If you think Mother’s day is all love, hugs and kisses, it actually has rather depressing bloodied origins. Going back to the 1950s in West Virginia, a woman social activist called Anna Reeves Jarvis initiated the Mother’s Day work clubs with the goal of improving sanitary conditions and providing medicine for the poor. Then, during the Civil War of 1861-1865, the Mother’s Day clubs tended to wounded soldiers on both sides. Afterward she convened meetings to persuade men to lay aside their hostilities.
In the 1870s, Julia Ward Howe – better known as the composer of The Battle Hymn of the Republic – extended the works of Anna Jarvis to voting rights for women and world peace. Howe issued a Mother’s Day proclamation in 1870, an impassioned plea calling for women to take an active political role in promoting peace. Part of it goes, “our sons shall not be taken from us to unlearn all that we have been able to teach them of charity, mercy and patience.”
In 1914, Congress declared the second Sunday in May to be Mother’s Day, celebrating peace and motherhood in protest of extensive loss of life during the war.
Now, the relationship with my mum is at best described as lukewarm (maybe 37 degree celcius) and one-way, peppered with terse conversations and brusque replies from my side. Okay so maybe this is the way I am with everyone, not just my mother, attributed to my self-diagnosed schizoid personality disorder. At times, I attempt to practice empathy, putting myself in the shoes of my mother and others – and indeed I would think “what an ungrateful and difficult bitch this girl is being.”
Today I attempt to make peace with my mum with a cake in her favorite flavor – chocolate. I chose an ungraded version of my Dark Chocolate Eggplant Torte (yes, eggplant). And in my usual fashion of all things punny, I found this phrase “Thank you for Rasin’ Us” on Pinterest and a spark went off – aha, chocolate rum and raisin it is!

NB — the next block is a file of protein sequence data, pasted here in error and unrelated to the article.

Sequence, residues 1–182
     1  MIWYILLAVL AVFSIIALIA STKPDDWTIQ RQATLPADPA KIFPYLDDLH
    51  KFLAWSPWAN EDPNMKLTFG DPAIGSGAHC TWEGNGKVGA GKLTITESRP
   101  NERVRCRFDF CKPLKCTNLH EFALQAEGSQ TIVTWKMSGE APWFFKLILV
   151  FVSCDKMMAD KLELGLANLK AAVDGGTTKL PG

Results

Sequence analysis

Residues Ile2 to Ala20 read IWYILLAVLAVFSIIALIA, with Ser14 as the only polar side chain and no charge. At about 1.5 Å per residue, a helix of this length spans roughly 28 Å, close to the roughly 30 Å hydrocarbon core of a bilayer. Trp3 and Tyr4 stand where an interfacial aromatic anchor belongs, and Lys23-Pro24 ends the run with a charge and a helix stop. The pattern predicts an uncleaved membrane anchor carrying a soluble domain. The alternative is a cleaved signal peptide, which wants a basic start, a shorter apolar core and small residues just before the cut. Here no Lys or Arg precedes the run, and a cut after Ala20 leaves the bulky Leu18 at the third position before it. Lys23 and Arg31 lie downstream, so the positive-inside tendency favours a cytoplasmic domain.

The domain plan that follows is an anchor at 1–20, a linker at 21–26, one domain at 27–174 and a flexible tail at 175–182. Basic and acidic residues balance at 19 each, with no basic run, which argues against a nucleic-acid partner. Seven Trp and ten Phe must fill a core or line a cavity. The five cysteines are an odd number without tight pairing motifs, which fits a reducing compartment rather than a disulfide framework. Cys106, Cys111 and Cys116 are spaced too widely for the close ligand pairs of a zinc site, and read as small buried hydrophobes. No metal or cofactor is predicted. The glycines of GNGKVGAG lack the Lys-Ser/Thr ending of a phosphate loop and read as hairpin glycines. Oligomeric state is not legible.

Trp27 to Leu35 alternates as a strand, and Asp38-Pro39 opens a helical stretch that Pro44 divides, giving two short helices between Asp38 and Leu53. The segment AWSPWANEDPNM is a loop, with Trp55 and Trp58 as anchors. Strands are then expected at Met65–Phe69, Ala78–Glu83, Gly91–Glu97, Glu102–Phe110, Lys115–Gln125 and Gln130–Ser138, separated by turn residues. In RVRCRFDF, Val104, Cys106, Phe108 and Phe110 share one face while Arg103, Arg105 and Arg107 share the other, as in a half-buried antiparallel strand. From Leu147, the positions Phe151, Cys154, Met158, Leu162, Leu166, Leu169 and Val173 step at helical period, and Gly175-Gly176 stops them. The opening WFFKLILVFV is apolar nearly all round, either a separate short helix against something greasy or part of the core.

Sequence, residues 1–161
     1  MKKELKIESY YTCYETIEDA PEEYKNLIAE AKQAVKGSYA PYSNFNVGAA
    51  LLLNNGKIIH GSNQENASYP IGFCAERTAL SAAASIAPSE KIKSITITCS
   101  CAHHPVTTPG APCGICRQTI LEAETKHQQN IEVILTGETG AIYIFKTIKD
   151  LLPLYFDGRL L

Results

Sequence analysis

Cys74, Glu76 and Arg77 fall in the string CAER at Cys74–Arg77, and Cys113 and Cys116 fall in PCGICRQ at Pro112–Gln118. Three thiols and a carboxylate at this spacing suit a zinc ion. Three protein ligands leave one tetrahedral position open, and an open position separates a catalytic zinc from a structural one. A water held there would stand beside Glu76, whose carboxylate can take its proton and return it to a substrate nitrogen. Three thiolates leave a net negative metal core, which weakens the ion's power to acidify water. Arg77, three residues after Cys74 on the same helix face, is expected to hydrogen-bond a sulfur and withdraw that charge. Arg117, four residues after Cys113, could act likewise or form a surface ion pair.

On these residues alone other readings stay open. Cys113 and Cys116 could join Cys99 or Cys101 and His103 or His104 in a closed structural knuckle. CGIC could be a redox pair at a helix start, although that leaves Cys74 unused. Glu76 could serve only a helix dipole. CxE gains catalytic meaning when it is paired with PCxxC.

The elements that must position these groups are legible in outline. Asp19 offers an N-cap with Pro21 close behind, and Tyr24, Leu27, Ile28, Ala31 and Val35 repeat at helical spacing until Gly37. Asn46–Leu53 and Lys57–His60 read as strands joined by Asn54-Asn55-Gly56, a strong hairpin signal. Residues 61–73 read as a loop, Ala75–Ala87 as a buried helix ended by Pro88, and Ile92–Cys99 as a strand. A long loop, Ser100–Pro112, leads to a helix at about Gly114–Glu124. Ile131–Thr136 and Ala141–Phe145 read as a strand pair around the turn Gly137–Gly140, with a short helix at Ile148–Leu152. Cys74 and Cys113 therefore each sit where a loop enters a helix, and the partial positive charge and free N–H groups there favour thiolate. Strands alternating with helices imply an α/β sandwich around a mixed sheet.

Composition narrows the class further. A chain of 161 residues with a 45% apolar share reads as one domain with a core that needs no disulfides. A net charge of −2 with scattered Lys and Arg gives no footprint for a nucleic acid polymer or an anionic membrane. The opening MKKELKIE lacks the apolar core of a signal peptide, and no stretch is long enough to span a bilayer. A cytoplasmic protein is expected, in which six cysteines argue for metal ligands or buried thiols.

The act of creating the cake actually excites me more than presenting it to my mum, as twisted it may sound but for legitimate foodie reasons. Melting chocolate over a bain marie, you can not but help yourself to licking those leftover chocolate stains. After pouring in the batter, the total painful time to greatness is one hour, during which you dance around in the kitchen drawing up a last minute card. “Thank you for Rasin’ Us,” I scrawled in my neat penmanship in a heart-shaped cut-out card, then attached a dried flower to prettify things.
The cake came out better than before, so dense with chocolate it’s almost pure black fudge; it doesn’t ever seem to set! I garnished some strawberries on top and its tartness emanated like a beam of light through the pitch-black darkness. Oh, the bottomline is, this cake is a must-make, if you are a true chocoholic. I dared hope this cake also did sow peace with mum and create a smile in her heart, if only for that day. “And the fruit of righteousness is sown in peace for them that make peace.” James 3:18.
- 1 1-lb eggplant
- 150 g dark chocolate (I used a mix of Lindt 85% and 90%)
- 1 medium (80 g) ripe banana
- ¼ cup pure maple syrup (Grade B)
- 1 teaspoon rum essence
- 2 tablespoons raisins
- ½ cup hazelnut meal
- ¼ cup raw cacao powder
- 2 teaspoons baking powder
- 1 teaspoon baking soda
- ¼ teaspoon Himalayan sea salt
- Coconut oil, for greasing
- Icing sugar and/or desiccated coconut, for dusting
- Strawberries, for garnish
- Preheat oven to 220°C on broil setting. Slice the eggplant lengthwise and place on a parchment-lined baking tray, cut side down. Broil for 20 minutes, or until the eggplant is cooked through and very soft. Remove the eggplant and reset the oven's heat to 180°C.
- While the eggplant cooks, melt the dark chocolate in a bain marie over boiling water.
- Let the cooked eggplant cool to the touch, then scrape the inside out of its skin. Add to a food processor, along with the banana, maple syrup and melted chocolate, rum essence and raisins. Puree until smooth.
- In a large bowl, combine the cacao powder, hazelnut flour, baking powder, baking soda, and salt. Mix well, then spoon the eggplant puree into the dry ingredients and stir gently until just combined. Pour into a greased pie pan, bake at 180°C for 40 minutes.
- Remove the cake from oven, let cool in the pan, then invert out onto a serving board.
- Refrigerate for at least one hour to set the cake. Dust with icing sugar and/or desiccated coconut, then garnish with sliced strawberries or other fruits.